Travel tips for families with children on the Autism Spectrum

Traveling with a family member who has Autism Spectrum Disorder (ASD) can seem overwhelming and challenging, leading many families to opt-out of travel altogether. With the holidays coming up, many families will be taking advantage of vacation time and traveling to see loved ones. Unfortunately this is not the case for the majority of families with autism spectrum disorder (ASD).

According to a study by IBCCES, only 13% of autism families take vacations. However, there are many ways to make traveling easier so that precious vacation time can be spent making memories with family. For example, if anxiety about leaving the familiar home environment is causing you to second guess travel plans, try using a countdown calendar to familiarize your child with the plans ahead of time. If you’re worried about overstimulation, be sure to plan breaks during the day while traveling, and avoid introducing too many new sights and sounds in the same day. Remember, each of these problems has a potential solution that does not include canceling or postponing your trip!

Be sure to plan ahead

Especially when it comes to packing your bags, spend some time planning ahead. Travel essentials such as familiar snack foods, a weighted blanket, noise-cancelling headphones, and plenty of preferred entertainment will help to reduce and manage any sensory issues that pop up while traveling.

Discuss plans with your child

Be sure to discuss travel plans with your child, leaving room for your child to ask questions. Pictures and videos of the sights you will encounter and social stories detailing your plans are great options for helping your child prepare for the trip.

Get a playlist ready

If you are preparing to travel for long periods of time by car, you can prepare to choose familiar, preferred music to listen to, and take special care to keep the volume at an appropriate level for your child.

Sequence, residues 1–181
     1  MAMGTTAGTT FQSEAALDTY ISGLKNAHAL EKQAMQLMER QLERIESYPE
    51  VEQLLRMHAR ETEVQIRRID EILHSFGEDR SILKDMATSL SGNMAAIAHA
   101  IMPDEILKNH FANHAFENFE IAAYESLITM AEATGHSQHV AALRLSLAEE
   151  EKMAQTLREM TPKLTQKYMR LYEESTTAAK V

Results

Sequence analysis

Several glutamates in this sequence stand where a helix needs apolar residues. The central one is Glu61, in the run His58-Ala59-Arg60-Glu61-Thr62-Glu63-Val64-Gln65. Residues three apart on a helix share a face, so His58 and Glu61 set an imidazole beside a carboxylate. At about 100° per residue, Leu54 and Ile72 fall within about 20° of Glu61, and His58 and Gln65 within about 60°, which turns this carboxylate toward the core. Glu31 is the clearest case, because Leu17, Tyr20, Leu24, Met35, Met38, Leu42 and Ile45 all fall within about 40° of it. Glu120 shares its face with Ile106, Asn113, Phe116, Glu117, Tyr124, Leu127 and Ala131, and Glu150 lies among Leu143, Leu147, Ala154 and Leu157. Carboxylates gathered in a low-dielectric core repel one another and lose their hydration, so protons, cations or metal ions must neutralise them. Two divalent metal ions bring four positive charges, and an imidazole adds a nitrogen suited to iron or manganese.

Plan and familiarize yourself with stops ahead of time

Plan out food and gas station stops as much as possible in advance. Creating a visual schedule for the car ride and anticipated stops is a great way to prepare your child for this aspect of the trip!

If you’re traveling by plane, make sure to familiarize yourself with the airports and any resources available, such as sensory spaces.

Sit together on planes

On the plane, try to choose seats that are together, even if this requires an additional fee. Flying is a wonderful experience, but it also brings along challenges like motion sickness, ear-popping, and boredom. Familiarize yourself with doctor-recommended remedies and in-flight entertainment options.

Traveling with a family member who has ASD can be a challenge, but it does not have to be impossible. Remember: plan ahead as much as possible, prepare your child for the trip using pictures, social stories, and visual schedules, and plan for the special circumstances that may occur when traveling by car or plane. Lastly, HAVE FUN! If you want to learn more about these travel tips, click here.

This guide includes… 

  • 10 common obstacles and tips for how to overcome them
  • A breakdown of the travel process and car/plane travel tips
  • Tips for sensory processing disorder 
  • Entertainment ideas for during the trip 

Vacations are a great way for people with autism to experience new environments and spend quality time with their loved ones and we hope this amazing resource will help you to make this a possibility for them. 

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